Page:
“That is the future,” said Oculus Rift creator Palmer Luckey. “The future is going to be embedded chipsets embedded into the headset that don’t require a link to any kind of external hardware. And it’s going to become possible, I don’t know when, it’s hard to predict when.”
Believe it or not, some people are already living in Palmer Luckey’s future. Wireless virtual reality (VR) headsets are already in development, and quite aggressively at that. For every trade show in which Luckey and co steal headlines with announcements and demos, GameFace Labs CEO Edward Mason can also be found working tirelessly to promote the GameFace wireless headset. It’s an Android-based device that uses processors found in smartphones and tablets to power videogames without any kind of connection to a PC or something along those lines.
But is GameFace Labs’ underdog the early coming of Palmer’s Luckey’s future? From what I’ve experienced of the headset myself, based on a model that was admittedly a few prototypes older than what’s recently been shown at the Silicon Valley Virtual Reality (SVVR) Conference & Expo 2014, there’s certainly potential.
Currently-existing hardware simply doesn’t allow for high-end contemporary videogames on a wireless VR headset. With the GameFace in the state I used it in, it’s perhaps best to image it as if VR had been introduced during the later stages of the PlayStation 2 era of the industry. Experiences available on the device didn’t boast the pristine, life like visuals we’ve come to expect from high-end PCs and the latest consoles, but you can afford the device this caveat based on its wireless nature. Think Halo instead of Halo 4.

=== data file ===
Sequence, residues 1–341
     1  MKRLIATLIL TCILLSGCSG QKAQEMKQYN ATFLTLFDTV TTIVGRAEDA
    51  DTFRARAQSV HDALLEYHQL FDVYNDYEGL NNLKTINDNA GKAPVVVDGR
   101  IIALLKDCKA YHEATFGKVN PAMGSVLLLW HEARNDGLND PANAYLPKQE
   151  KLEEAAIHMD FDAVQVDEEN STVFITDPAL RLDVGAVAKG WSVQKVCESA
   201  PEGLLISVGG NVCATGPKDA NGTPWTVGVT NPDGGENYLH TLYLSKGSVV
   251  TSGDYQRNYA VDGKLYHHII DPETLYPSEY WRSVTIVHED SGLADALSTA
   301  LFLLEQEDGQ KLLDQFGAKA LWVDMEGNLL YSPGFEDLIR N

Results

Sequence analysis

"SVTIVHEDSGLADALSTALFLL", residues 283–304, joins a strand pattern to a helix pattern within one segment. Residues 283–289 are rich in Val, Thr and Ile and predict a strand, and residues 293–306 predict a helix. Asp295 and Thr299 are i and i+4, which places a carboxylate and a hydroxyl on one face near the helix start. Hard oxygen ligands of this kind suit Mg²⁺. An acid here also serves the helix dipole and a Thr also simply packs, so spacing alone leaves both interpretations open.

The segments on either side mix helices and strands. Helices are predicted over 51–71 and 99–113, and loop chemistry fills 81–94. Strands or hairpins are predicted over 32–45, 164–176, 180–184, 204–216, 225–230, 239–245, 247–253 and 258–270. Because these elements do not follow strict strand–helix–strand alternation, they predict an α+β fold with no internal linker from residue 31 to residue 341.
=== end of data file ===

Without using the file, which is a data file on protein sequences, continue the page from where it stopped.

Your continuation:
Using an unteathered device certainly feels more liberating than strapping an Oculus on with the knowledge that a wire is tying you to a bulky rig a meter or so away. It’s not an immediately obvious sensation; I had to be reminded that my head was free to duck and dive without the worry of pulling on something expensive, but knowing that nothing’s there helps put the mind at ease somewhat.
Based on early impressions with earlier hardware, the GameFace serves as a promising first glimpse into a future that’s still a little further down the line. The important thing is that GameFace Labs is intent on pursuing that future, constantly updating its prototype hardware. The company is set to show off its Mark V model at this year’s E3, complete with Nvidia’s powerful Tegra K1 chip that boasts the power of the PlayStation 3 and then some. We look forward to seeing how much further into the future we’ve gone.